A CEO in financial services cautions, ‘People get into position but turn out not to be leaders. Real ambition and drive often turn out to be the missing qualities. You can’t learn to be a leader.’
Except: she did learn. Her father ran a factory, and when she graduated he gave her a new, specialist chemical product to take to market. She learned everything on the job and after twelve months had achieved £1 million in sales. ‘My father,’ she says, ‘was very collegiate, in very un-collegiate times.’ To this day, when she is running five different businesses, she has ‘people like my father’ whom she turns to for advice.
Every leader we spoke to tells a similar story about someone, or something, that helped them spark or improve on their natural leadership ability. Each story is personal and unique, but the underlying theme is identical: by luck or judgment, either an individual showed them what great leadership looked like, or an experience spurred them on to become a better leader.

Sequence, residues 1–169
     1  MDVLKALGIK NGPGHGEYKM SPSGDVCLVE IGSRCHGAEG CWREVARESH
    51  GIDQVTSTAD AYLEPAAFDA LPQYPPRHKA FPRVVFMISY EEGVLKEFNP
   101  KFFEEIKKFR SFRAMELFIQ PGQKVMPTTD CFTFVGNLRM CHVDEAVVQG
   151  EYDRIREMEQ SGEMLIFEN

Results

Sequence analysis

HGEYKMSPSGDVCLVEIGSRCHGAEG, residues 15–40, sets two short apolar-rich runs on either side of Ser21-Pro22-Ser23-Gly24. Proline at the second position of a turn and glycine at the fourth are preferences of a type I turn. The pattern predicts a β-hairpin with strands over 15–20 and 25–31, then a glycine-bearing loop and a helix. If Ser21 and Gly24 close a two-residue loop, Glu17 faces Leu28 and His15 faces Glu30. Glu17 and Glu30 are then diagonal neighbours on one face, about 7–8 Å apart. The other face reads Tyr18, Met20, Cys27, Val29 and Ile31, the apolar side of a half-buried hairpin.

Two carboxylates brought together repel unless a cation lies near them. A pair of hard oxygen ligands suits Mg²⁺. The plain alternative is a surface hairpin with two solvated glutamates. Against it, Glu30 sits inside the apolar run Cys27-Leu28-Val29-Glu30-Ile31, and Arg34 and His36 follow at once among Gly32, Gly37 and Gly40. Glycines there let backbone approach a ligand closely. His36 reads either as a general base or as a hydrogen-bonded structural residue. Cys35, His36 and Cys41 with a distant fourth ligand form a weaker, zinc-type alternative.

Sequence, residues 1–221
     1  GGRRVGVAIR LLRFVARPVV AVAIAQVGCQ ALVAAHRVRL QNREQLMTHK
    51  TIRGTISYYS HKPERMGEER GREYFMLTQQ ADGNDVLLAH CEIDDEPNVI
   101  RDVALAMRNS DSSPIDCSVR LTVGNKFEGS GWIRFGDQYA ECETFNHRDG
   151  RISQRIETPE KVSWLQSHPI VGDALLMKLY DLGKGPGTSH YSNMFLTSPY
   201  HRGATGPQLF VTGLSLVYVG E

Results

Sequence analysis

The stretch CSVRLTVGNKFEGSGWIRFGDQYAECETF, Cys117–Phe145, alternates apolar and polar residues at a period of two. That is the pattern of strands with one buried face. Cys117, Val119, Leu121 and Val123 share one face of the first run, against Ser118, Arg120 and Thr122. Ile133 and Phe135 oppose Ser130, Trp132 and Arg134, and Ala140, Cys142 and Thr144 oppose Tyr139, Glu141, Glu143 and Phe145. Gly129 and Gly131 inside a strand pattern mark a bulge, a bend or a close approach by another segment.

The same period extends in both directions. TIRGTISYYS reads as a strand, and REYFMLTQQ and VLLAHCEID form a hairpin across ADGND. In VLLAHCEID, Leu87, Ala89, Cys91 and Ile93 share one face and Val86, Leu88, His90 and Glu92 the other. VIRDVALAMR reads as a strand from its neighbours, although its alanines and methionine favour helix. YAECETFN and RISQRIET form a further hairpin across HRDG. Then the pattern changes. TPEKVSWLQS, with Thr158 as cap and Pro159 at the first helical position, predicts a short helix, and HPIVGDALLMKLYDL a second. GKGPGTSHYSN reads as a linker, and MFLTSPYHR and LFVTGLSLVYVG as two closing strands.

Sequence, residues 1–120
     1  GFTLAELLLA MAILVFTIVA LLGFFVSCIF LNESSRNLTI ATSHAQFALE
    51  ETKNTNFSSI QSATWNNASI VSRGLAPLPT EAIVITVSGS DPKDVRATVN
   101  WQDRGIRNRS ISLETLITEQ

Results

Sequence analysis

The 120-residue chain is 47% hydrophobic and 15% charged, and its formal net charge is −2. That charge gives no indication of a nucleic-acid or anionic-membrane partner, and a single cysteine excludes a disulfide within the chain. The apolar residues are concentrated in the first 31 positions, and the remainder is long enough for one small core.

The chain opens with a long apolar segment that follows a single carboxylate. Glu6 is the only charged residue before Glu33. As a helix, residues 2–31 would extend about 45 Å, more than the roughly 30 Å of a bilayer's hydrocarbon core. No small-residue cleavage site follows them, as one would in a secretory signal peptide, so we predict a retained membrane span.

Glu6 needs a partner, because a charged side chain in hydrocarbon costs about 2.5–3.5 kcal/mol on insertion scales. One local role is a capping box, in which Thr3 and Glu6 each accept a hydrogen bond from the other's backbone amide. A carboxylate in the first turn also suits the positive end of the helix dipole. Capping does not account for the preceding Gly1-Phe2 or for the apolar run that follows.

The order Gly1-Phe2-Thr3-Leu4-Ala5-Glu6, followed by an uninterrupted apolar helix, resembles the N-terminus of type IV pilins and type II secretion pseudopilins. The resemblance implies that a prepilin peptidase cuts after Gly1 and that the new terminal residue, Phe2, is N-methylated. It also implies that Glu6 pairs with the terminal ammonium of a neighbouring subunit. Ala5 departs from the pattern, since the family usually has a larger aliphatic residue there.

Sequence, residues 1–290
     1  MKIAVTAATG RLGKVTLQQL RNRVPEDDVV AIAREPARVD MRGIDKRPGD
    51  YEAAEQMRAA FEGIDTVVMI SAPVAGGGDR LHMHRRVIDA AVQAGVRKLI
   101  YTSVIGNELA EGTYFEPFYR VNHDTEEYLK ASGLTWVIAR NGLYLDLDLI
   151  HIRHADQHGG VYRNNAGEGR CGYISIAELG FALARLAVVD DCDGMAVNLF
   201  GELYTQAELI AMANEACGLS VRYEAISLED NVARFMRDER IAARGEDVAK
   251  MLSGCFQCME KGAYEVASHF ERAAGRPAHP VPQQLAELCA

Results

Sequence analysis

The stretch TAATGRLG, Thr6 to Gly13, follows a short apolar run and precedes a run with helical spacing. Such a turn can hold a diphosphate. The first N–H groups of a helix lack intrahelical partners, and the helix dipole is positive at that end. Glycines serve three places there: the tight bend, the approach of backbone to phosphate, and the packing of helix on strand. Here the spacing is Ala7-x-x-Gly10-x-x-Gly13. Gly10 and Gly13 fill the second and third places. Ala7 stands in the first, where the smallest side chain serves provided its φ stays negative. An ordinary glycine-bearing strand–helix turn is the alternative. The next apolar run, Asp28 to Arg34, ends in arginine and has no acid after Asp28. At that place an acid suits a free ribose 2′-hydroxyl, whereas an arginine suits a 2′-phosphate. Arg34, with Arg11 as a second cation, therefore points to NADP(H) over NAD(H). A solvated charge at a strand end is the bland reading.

Fathers loom large in leaders’ formative stories. A CEO in the leisure industry has a very strong sense of generational growth and improvement. His grandfather was a docker, his father an entrepreneur, and he himself was the first member of his family to go to university, let alone become a business leader. ‘Which’, he reflects, ‘could make things quite difficult for my son.’ The CEO of a leading environmental organisation describes how seeing her mother struggle after her father left home made her swear she would never be put in a similarly vulnerable position. ‘It made me hard-nosed and enormously driven to succeed,’ she says.
Another speaks of his admiration for his father, who studied his way out of the mine and retired as a director of Rolls-Royce. He was an alcoholic, and his son the European CEO carries his father’s Alcoholics Anonymous coin with its serenity prayer everywhere he goes. ‘It talks about knowing what you can change, and knowing what you can’t change,’ he says, ‘Dad prepared me.’